Jesus, knowing that the Father had given all things into his hands, and that he had come from God and was going back to God, rose from supper. He laid aside his outer garments, and taking a towel, tied it around his waist. Then he poured water into a basin and began to wash the disciples’ feet and to wipe them with the towel that was wrapped around him. He came to Simon Peter, who said to him, “Lord, do you wash my feet?” Jesus answered him, “What I am doing you do not understand now, but afterward you will understand.” Peter said to him, “You shall never wash my feet.” Jesus answered him, “If I do not wash you, you have no share with me.” John 13.3-8.
Today is Maundy Thursday, the day on which Jesus shared a last supper with his friends before going to his death on the cross on Good Friday. He does so, as this morning’s reading makes plain, in the sure and certain knowledge that the Father has “given all things into his hands” … which is to say that Jesus comes to the last supper aware that he is Lord of lords, that universal sovereignty has been conferred on him, and that his is the Kingdom, the power and the glory. So what does he do? In the face of a squabble among the disciples about which of them was the greatest (Luke 22.24-27), he gets up and washes their feet.
Actually, he does something more than that … something that the act of washing their feet did not require at all. A women could wash her husband’s feet without doing it. A child could wash his father’s feet without doing it. But Jesus washes his disciples feet and does do it … he takes off his outer garments and ties a towel round his waist; and by doing that, he presents himself to his disciples as a slave.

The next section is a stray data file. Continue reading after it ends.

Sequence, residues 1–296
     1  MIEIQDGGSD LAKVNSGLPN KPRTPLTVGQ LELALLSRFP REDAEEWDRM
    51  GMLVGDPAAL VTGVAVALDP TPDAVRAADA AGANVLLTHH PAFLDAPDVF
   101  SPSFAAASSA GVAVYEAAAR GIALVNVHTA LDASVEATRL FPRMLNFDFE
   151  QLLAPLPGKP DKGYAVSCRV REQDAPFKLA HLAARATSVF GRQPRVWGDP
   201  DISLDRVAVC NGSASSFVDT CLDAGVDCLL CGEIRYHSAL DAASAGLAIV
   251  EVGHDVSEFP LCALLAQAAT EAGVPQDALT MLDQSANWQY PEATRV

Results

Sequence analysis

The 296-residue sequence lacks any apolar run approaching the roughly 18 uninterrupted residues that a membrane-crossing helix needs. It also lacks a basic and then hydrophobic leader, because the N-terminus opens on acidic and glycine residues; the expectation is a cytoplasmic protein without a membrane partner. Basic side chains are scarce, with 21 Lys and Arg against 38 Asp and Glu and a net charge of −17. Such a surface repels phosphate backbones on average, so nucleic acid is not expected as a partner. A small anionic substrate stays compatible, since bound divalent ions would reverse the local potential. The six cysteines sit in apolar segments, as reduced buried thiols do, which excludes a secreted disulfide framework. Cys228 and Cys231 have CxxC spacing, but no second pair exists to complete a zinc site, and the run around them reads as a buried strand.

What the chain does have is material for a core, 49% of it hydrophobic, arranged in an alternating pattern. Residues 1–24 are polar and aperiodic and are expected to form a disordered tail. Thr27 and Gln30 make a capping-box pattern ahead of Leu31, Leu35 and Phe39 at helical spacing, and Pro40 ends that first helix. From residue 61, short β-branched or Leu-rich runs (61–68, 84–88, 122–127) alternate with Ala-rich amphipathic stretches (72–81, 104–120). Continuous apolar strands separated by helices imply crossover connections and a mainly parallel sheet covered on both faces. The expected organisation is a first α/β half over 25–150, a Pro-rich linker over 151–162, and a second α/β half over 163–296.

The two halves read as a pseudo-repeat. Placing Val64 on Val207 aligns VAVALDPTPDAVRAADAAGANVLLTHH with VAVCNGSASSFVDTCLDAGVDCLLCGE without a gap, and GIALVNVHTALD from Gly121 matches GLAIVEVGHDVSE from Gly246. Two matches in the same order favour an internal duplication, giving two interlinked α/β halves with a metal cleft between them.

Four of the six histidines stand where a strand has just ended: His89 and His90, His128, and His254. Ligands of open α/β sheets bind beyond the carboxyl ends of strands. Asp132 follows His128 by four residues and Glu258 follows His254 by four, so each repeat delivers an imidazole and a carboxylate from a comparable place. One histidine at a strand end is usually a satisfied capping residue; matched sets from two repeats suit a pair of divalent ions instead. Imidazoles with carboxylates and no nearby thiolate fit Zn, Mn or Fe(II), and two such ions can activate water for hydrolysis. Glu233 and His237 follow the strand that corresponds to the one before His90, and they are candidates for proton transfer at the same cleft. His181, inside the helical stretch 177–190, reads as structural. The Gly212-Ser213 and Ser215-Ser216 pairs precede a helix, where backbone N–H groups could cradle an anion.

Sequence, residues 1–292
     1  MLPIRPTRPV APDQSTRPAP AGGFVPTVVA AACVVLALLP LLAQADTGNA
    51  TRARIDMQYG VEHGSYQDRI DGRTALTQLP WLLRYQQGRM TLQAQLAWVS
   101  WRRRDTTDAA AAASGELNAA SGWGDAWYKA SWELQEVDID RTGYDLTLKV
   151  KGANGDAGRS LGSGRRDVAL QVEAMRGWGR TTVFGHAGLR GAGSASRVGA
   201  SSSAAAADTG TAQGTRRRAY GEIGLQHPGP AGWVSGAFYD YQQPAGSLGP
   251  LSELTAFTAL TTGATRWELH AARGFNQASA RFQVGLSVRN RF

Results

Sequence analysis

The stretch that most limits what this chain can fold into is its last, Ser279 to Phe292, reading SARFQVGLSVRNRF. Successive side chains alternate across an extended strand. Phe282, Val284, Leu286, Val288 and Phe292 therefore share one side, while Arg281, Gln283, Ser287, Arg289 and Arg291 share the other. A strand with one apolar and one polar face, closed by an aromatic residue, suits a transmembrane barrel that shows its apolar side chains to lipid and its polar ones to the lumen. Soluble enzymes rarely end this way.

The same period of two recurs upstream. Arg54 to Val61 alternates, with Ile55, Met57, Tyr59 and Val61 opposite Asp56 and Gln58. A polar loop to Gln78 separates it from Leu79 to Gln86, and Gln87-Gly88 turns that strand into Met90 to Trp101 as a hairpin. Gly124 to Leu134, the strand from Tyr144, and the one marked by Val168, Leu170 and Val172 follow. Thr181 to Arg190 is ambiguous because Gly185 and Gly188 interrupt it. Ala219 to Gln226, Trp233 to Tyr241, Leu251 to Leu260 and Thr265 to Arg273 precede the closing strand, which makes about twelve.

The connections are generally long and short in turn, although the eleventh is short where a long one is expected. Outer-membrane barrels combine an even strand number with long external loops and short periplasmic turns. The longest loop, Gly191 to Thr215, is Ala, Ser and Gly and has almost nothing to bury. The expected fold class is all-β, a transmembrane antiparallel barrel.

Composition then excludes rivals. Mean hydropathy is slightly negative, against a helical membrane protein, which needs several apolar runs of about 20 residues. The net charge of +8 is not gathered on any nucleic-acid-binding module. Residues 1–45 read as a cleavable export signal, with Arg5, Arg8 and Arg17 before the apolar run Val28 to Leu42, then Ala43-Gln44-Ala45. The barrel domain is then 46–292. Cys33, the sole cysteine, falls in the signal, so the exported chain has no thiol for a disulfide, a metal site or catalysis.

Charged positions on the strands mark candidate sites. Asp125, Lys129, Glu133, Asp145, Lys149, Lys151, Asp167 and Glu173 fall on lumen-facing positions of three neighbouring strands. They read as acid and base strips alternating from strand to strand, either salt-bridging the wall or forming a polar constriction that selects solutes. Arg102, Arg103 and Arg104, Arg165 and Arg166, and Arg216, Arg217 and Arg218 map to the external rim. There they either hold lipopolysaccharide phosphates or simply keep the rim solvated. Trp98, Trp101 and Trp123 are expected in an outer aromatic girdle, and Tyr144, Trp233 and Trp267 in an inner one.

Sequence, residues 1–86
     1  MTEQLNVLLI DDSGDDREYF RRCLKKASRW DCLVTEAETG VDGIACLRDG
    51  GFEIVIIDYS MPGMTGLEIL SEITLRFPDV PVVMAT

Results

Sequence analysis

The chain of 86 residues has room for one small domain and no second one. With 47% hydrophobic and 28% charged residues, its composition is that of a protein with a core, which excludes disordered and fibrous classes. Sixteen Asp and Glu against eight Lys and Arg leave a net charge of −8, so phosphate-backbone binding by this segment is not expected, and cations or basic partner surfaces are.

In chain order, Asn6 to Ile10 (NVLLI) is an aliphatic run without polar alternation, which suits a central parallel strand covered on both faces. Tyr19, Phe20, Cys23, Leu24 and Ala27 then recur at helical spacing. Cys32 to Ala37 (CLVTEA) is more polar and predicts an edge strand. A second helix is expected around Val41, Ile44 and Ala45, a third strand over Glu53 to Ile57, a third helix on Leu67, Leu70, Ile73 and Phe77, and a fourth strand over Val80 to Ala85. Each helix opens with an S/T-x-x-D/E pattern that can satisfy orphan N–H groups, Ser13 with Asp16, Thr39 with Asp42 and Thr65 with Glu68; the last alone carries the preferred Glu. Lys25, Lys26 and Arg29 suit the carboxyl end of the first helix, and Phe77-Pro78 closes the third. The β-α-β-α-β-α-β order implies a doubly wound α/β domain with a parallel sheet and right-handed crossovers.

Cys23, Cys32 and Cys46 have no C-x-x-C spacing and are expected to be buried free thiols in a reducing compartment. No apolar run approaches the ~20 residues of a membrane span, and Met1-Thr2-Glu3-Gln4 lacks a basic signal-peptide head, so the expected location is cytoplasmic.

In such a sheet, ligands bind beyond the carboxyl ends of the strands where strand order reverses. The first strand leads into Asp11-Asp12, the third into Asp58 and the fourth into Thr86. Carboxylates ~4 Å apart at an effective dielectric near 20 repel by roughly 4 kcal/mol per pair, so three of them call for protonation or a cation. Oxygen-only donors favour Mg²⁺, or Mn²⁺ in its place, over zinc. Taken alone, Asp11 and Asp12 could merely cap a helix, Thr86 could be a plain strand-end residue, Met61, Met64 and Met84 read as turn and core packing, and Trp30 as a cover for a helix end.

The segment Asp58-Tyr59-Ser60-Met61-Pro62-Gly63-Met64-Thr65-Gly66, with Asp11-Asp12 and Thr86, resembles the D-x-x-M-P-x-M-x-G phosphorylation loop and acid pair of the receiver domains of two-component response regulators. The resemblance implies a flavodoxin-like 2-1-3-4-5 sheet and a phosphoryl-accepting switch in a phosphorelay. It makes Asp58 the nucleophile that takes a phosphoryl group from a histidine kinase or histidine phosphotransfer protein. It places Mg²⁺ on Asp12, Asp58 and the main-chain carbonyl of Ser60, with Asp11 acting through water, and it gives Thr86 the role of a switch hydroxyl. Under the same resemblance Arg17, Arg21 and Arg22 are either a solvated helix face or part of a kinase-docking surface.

The astonished spluttering protest of Peter as Jesus comes to him with his basin of water says it all. In the Greek it is “kyrie, su mou nipteis tous podas;“. In English it is “Master, you — my feet you wash?” There is a sheer incomprehension at what is going on, so Jesus tries to reassure him. “One day, you will understand what this is all about, Peter. One day … after the cross, after the empty tomb, after the Holy Spirit comes and fills you and enlightens your heart and mind.” But that is all in the future. For now, the assurance falls on deaf ears, and Peter tells Jesus bluntly, “You shall never wash my feet.”
But then comes this all-important response by Jesus. “If I do not wash you, you have no share with me.” What does he mean? It is meros met’ emou not meros en emoi. That is to say, it is no “share with me” rather than no “part in me” as some (RSV for example) mis-read it. It is not that I cannot belong to Christ if I do not let him wash me. It is that I cannot have a share with him in something … but a share in what? The answer lies in the word “share” itself — meros. It is the word used by the prodigal son for his share in the property that would come to him on his father’s death (Luke 15.12); but before that it was the word used for the territory each Israelite was allotted in the Promised Land. And here it surely brings both thoughts into one. It refers to the “all things” that the Father has put into Jesus’ hands. Jesus has inherited the Kingdom from the Father, and he wants to share it with those who belong to him.
“But unless I wash you,” says Jesus; “… unless you allow the cleansing from sin which this washing symbolises and which will become a reality as I shed my blood and meet my death on the cross tomorrow to extend to you … you cannot share with me in that inheritance.”
Just as I am, without one plea,
but that Thy blood was shed for me,
and that Thou bidd’st me come to Thee,
O Lamb of God, I come! I come!
Just as I am, and waiting not
to rid my soul of one dark blot,
to Thee, whose blood can cleanse each spot
O Lamb of God, I come! I come!